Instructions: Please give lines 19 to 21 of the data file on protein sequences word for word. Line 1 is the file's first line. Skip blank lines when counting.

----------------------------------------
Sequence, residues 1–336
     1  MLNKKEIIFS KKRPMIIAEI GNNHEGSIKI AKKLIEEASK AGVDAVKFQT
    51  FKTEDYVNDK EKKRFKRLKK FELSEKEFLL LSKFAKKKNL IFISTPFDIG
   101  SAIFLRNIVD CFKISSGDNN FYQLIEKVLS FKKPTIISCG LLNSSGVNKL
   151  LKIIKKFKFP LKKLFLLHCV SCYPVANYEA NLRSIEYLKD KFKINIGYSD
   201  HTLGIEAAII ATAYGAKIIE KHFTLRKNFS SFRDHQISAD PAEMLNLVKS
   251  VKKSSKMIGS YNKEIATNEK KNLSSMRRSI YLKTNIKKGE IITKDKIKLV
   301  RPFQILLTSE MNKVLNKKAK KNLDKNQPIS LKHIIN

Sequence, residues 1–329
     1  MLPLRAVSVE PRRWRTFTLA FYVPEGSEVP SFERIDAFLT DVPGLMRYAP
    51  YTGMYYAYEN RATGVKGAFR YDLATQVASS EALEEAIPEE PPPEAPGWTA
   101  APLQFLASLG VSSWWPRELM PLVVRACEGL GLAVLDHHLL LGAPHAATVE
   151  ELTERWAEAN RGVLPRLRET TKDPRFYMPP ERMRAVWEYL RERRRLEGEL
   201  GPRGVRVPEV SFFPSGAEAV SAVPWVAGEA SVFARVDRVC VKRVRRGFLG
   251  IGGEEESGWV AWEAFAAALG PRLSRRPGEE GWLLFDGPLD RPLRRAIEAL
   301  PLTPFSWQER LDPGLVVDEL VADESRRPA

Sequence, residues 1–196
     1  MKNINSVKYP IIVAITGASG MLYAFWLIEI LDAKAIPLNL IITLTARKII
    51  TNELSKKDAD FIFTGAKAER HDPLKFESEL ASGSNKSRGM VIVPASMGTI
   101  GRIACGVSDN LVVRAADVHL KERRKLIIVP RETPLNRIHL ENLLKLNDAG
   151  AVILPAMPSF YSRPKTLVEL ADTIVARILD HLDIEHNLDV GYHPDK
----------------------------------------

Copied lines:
    51  TNELSKKDAD FIFTGAKAER HDPLKFESEL ASGSNKSRGM VIVPASMGTI
   101  GRIACGVSDN LVVRAADVHL KERRKLIIVP RETPLNRIHL ENLLKLNDAG
   151  AVILPAMPSF YSRPKTLVEL ADTIVARILD HLDIEHNLDV GYHPDK